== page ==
I’m tired of subjecting myself to awful films. But more than that, I’m tired of subjecting myself to the increasingly common, terribly done political-brainwashing in films.
Case in point: “An American Carol,” which I just saw this weekend. No, it’s not another leftist “documentary” a la “Sicko.” Instead, it’s a conservative satire on Michael Moore and the ultra-liberal sentiments he embodies.
Wait…what? A conservative Hollywood satire? Can it be true?
I know, I know. I was shocked too. But the film really does exist. It’s structured like Charles Dickens’s “A Christmas Carol,” having the Moore-inspired character, Michael Malone (played by Chris Farley’s younger brother, Kevin), be visited by three spirits who show him the errors of his anti-American ways. All of this, by the way, is completely un-ironic.
It’s hard to explain just how pathetic this film is — and this is coming from someone who enjoys pretty much anything that makes fun of the left. I’ll even admit that going into this, I half-expected there to be some kind of catch. There was no way, I thought, that a Hollywood film could be so boldly conservative. Surely “American Carol” had to have a more subtle agenda, much like Trey Parker and Matt Stone’s “Team America: World Police,” which, in between lots of vicious (and hilarious) jokes about liberal Hollywood, subtly satirized the right’s often-boneheaded patriotism (“America! Fuck yeah!”).
When the film began, I was convinced this was the case. The first scene is a July 4 barbeque — and it’s like something out of a political campaign ad. Children are tossing Frisbees, men and women are cheerfully grilling hot dogs and the green lawns are so green they look radioactive. Red, white and blue paraphernalia is displayed triumphantly.
My first thought was that there was no way this film was taking all this seriously. The satire, I assumed, was already coming thick and fast.
“Good,” I said, with a sigh of relief. “This film isn’t as stupid as I feared.”
An hour later, any semblance of hope had dissipated. When Bill O’Reilly showed up as himself for a five-minute cameo, I knew I’d been wrong. Not only was this film stupid, it was brainless. “American Carol” had no intentions of being subversive or even remotely thought-provoking; all it was, in fact, was an extended inside joke made by conservatives, for conservatives. It’s no surprise to me, then, that the film was shown at the Republican National Convention last month. I’m sure it brought the house down.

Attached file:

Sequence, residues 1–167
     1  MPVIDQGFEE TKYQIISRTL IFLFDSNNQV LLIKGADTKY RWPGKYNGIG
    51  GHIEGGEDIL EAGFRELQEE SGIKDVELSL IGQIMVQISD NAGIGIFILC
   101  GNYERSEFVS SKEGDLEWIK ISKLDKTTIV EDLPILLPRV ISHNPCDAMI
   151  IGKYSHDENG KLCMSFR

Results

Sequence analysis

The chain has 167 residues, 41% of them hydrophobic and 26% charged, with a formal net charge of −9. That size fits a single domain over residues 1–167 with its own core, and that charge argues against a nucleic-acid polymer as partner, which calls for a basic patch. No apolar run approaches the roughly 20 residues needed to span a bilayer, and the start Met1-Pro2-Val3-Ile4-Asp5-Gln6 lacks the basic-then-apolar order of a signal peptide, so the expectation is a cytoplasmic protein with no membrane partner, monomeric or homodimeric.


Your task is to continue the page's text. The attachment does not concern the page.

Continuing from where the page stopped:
Propaganda has been a part of the cinematic lexicon since the early days of the art form’s conception. Some of the greatest films ever made are blatant propaganda pieces. But recently, we’ve been seeing some of the most pitiful excuses for Hollywood indoctrination imaginable — another case in point being this summer’s “Swing Vote,” which, humorously enough, features two of the cast members of “American Carol”: Kelsey Grammer and Dennis Hopper.
But what really disturbs me — besides the fact that this is the second consecutive column I’ve written that has to do with Michael Moore — is the sheer callousness of this new trend. “Swing Vote” and “American Carol” are not works of art and shouldn’t even be mistaken for them. I can deal with propaganda as long as it’s done artfully, but the makers of the aforementioned films had no artistic ambitions whatsoever. These films are not subversive, nor are they radical in any way. They’re comfort food. They’re manufactured with the purpose of feeding a certain target audience — in this case, conservatives — and, yes, making money. This is propaganda of the most cynical kind.
To be fair, what the conservatives have done with “American Carol” is no different from what many liberal filmmakers have been doing for years — just look at Bill Maher’s “Religulous,” a film tailor-made for pretentious Ann Arbornites to laugh at the human race while sipping their lattes. And, indeed, “American Carol” is the obvious answer to Michael Moore’s countless cinematic assaults on the right. It’s just too bad the makers of the film don’t understand the craft half as well as their opponents.
On one hand, I want to commend the right for at least getting in on the fight. It’s about time self-indulgent conservative humor was forced upon a hapless public, just as self-indulgent liberal humor has been for the past few decades or so. But, really, it makes me kind of angry as well. These preposterous, single-minded and only faintly intelligent pieces of cinematic indoctrination belong under the auspices of the left.
Besides, all it means for us is yet more disposable films to have to wade through. Finding good movies is already hard enough.